Meh. Make that MEH.
Maybe it's because Outlander
's Jamie Fraser has spoiled me for all other virgin heroes. Or maybe it's because this is a book with a cool premise that just doesn't deliver.
So...by day the hero of Thief of Shadows
is Winter Makepeace, a stoic (read, stick up his arse) headmaster at a school for orphans. By night, he casts aside his uptight persona and becomes The Ghost of St. Giles, a kind of Victorian vigilante. Who, coincidentally, also has a stick up his ass.
The heroine, Isabel Beckinhall, is no masked avenger, but instead some nobleman's widow. One evening, while returning from a social engagement, her carriage almost runs over a corpse in the road. The corpse, however, still has a heartbeat, and turns out to be none other than the infamous Ghost of St. Giles, all decked out in his Harley Quinn-style motley. Well, except without Harley's requisite comic book girl sexy. That's what this book needed: more delicious Harley Quinn and Joker dynamic. Yes, a digression, because I'm as bored writing this review as I was reading the book.
The first few pages did capture my attention, with what seems to be a dry-witted heroine who isn't afraid to do something crazy. I.e., pick up a known criminal, saving him from a mob, and take him home to tend his injuries. The tending part includes undressing him and getting a good look at his man junk. Winter, however, somehow manages to keep Isabel from unmasking his face -- uh, how con-veee-neint -- and slips away before dawn.
Winter hasn't seen the last of Isabel because she's part of a hoity-toity ladies' committee on educating orphans, with their focus on Winter's school. Some of the other lords and ladies, finding Winter's manners crude and boorish, have decided to sack him, and replace him with someone more gentile. It's up to Isabel to go all My Fair Lady on his drab, glum ass and turn him into a proper gentleman.
Meanwhile...a dastardly villain is stealing London's orphans and enslaving them in a Victorian sweatshop. Winter, as the Ghost of St. Giles, has to rearrange his schedule to allow for: caring for the children in his school; being tutored in the finer points of gentlemanly arts by Isabel; attending social functions and kissing London's snootiest asses; and playing caped crusader.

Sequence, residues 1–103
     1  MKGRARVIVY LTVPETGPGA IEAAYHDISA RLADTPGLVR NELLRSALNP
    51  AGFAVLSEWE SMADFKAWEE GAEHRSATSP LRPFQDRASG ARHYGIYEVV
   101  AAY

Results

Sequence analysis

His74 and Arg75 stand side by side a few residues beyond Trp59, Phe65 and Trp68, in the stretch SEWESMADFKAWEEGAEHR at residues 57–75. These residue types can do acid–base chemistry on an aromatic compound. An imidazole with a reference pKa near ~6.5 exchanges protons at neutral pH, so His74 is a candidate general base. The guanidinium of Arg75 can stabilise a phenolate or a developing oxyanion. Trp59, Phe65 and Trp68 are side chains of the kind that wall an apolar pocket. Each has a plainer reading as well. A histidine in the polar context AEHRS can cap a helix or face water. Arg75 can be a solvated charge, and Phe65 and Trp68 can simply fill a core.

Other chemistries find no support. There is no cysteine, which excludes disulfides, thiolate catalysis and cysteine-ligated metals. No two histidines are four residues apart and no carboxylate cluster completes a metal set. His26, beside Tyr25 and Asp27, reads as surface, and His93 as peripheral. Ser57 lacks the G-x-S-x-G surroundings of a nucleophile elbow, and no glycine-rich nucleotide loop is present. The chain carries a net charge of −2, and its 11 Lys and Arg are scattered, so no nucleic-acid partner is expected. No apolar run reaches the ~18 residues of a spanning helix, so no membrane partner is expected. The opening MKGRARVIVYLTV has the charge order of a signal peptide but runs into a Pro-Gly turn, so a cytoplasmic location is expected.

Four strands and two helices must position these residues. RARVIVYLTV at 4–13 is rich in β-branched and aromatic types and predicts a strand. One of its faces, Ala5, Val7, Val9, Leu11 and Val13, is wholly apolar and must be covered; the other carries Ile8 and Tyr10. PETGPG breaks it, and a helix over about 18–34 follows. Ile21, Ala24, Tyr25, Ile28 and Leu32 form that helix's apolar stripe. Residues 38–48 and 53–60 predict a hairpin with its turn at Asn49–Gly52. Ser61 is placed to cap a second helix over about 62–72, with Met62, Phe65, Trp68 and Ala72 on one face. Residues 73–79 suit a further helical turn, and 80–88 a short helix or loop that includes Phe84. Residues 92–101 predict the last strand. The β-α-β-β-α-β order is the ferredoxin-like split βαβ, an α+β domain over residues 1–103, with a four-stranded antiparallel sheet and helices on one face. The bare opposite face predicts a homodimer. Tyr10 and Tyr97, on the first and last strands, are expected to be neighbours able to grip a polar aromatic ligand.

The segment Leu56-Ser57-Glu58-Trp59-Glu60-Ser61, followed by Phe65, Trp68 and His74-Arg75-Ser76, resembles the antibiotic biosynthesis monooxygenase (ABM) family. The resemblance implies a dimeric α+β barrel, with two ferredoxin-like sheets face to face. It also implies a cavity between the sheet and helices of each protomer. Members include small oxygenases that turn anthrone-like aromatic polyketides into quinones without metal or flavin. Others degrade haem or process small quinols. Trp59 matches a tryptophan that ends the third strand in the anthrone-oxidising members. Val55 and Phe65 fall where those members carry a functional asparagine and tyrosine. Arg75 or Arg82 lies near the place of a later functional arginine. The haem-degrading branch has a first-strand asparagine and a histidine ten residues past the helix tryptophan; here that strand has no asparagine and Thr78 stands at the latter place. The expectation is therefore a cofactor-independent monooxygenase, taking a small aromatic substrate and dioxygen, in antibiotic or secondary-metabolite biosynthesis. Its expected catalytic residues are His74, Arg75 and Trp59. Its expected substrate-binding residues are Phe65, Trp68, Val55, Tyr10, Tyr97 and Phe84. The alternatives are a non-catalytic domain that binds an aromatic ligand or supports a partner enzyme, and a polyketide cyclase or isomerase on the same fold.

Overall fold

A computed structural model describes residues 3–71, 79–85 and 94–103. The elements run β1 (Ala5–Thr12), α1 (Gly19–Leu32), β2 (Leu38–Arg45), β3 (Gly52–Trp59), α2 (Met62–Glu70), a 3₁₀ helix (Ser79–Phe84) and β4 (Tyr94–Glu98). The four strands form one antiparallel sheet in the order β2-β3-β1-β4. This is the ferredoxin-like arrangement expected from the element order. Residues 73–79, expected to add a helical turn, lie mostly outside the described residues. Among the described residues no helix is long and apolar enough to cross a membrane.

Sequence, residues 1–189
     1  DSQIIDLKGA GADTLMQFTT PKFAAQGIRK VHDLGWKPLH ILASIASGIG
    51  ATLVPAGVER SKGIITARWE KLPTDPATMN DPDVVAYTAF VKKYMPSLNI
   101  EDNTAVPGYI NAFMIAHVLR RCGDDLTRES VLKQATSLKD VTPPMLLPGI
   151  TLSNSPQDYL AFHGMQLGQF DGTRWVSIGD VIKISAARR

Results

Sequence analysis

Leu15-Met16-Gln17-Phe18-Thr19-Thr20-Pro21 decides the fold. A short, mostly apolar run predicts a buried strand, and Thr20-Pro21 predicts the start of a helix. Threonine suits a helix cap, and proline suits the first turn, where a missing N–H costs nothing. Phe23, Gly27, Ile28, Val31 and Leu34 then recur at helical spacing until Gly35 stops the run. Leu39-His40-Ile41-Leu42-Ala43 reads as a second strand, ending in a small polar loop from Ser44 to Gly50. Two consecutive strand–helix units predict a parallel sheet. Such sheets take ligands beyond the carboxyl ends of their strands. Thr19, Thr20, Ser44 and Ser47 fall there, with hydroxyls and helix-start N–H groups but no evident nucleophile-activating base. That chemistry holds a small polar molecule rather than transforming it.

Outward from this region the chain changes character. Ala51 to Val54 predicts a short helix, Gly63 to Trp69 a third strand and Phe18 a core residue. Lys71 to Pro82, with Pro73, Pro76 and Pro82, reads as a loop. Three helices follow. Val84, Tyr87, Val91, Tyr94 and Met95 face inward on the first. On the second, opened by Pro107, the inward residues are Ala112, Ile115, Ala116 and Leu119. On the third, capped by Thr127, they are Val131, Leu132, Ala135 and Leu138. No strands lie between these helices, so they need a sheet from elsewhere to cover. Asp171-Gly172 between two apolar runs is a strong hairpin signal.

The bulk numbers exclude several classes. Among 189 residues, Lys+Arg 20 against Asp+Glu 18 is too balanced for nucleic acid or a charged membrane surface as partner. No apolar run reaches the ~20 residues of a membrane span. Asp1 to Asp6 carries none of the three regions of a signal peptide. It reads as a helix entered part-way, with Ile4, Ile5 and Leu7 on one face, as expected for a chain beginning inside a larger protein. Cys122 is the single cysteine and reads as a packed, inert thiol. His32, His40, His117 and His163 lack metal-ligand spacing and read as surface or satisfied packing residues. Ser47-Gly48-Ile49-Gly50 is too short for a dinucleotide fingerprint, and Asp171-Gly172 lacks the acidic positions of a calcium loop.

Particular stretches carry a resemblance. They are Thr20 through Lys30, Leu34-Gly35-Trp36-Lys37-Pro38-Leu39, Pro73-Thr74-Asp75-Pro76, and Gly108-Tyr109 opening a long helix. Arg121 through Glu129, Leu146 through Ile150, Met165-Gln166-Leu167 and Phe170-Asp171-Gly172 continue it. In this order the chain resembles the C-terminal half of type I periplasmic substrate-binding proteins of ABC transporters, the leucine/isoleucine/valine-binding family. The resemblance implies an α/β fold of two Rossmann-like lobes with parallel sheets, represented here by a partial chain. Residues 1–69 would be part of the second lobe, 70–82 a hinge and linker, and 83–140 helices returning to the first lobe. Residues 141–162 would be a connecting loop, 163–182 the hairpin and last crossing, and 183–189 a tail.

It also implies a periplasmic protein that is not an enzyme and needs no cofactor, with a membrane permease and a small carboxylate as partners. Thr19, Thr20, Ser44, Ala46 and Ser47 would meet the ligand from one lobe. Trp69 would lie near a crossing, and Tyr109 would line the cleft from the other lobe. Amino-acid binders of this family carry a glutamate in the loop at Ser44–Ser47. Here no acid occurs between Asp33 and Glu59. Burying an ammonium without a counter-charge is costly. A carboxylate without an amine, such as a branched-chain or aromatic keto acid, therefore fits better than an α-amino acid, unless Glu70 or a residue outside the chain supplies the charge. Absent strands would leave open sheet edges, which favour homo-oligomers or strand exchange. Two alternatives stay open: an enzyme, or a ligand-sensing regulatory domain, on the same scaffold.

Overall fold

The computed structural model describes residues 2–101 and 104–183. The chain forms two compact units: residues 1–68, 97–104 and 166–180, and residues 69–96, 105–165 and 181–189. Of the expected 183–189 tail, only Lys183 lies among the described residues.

The premise sounds great. What went wrong?
The hero and heroine is what. The problem with writing a dour, uptight character is that those characteristics don't exactly add up to "interesting," or anyone worth spending 250 pages with. I mean, Winter is a guy who's convinced himself that getting some tail will make it impossible to fulfill his sacred mission to the children. Seriously, dude? I mean, how long will a little something-something take? Five minutes?
His driving passion, if you can call it that, is rescuing London's homeless and orphaned children. But his approach to the whole matter is utterly joyless. This, I guess is the point, and a part of his character arc. He learns to loosen up, have some fun, and enjoy life, including the children, thanks to Isabel. Blah-blah-blah-the-power-of-a-woman's-love. Ugh.
I appreciate that Isabel is a sexually confident, uninhibited woman (the kind who'll give a masked man a BJ in a closet), but there isn't much to her beyond the bedroom. Her primary angst has to do with her inability to carry a child to term, but it's screamingly obvious how that problem will be resolved.
The result is a story that could be called Dull People Falling into Even Duller Love in Pretty Period Costumes.
Going with two stars instead of the default pity-fuck three, because this thing has enough five star reviews to offset my rating.